Gap junction expression has been reported to control the growth of a variety of transformed cells. We undertook parallel analysis of connexins Cx32 and Cx43 in glioma cells, which revealed potential mechanisms underlying this phenomenon and led to several novel findings. Cx43, but not Cx32, suppressed C6 glioma cell growth. Paradoxically, Cx32 transfection resulted in severalfold more dye transfer than Cx43. However, Cx43 transfectants shared endogenous metabolites more efficiently than Cx32 transfectants. Interestingly, a significant portion of Cx43 permeants were incorporated into macromolecules more readily than those that transferred via Cx32. Cx43 induced contact inhibition of cell growth but in contrast to other reports, did not affect log phase growth rates. Cell death, senescence, or suppression of growth factor signaling was not involved because no significant alterations were seen in cell viability, telomerase, or mitogen-activated protein kinase activity. However, suppression of cell growth by Cx43 entailed the secretion of growth-regulatory factors. Most notably, a major component of conditioned medium that was affected by Cx43 was found to be MFG-E8 (milk fat globule epidermal growth factor 8), which is involved in cell anchorage and integrin signaling. These results indicate that Cx43 regulates cell growth by the modulation of extracellular growth factors including MFG-E8. Furthermore, the ability of a Cx to regulate cell growth may rely on its ability to mediate the intercellular transfer of endogenous metabolites but not artificial dyes.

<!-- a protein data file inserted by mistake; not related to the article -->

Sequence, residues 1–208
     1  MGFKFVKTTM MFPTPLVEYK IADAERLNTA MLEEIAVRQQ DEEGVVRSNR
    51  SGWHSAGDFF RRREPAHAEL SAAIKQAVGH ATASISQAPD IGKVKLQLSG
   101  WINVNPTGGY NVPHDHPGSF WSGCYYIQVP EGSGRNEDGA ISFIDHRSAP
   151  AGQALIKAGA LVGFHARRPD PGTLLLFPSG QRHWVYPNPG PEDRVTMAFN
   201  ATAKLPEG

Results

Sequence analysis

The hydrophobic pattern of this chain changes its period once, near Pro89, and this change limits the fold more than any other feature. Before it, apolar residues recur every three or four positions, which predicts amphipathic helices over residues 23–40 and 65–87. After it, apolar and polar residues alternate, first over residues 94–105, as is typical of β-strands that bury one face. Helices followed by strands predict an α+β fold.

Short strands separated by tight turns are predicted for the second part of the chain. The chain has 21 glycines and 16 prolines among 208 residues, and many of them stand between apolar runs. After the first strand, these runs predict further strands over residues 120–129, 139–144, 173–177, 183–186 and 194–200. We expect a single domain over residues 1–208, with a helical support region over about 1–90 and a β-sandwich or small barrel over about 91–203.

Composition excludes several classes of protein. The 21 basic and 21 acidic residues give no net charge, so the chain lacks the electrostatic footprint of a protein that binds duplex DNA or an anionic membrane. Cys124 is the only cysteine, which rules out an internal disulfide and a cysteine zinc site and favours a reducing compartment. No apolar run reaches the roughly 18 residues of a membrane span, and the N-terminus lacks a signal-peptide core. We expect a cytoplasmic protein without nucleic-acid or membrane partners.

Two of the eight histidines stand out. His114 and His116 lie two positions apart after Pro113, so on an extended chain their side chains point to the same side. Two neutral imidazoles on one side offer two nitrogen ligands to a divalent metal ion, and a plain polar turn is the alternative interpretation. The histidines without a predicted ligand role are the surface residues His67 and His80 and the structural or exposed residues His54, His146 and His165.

|Original language||English (US)|
|Number of pages||9|
|State||Published - Nov 1 2000|
ASJC Scopus subject areas
- Cancer Research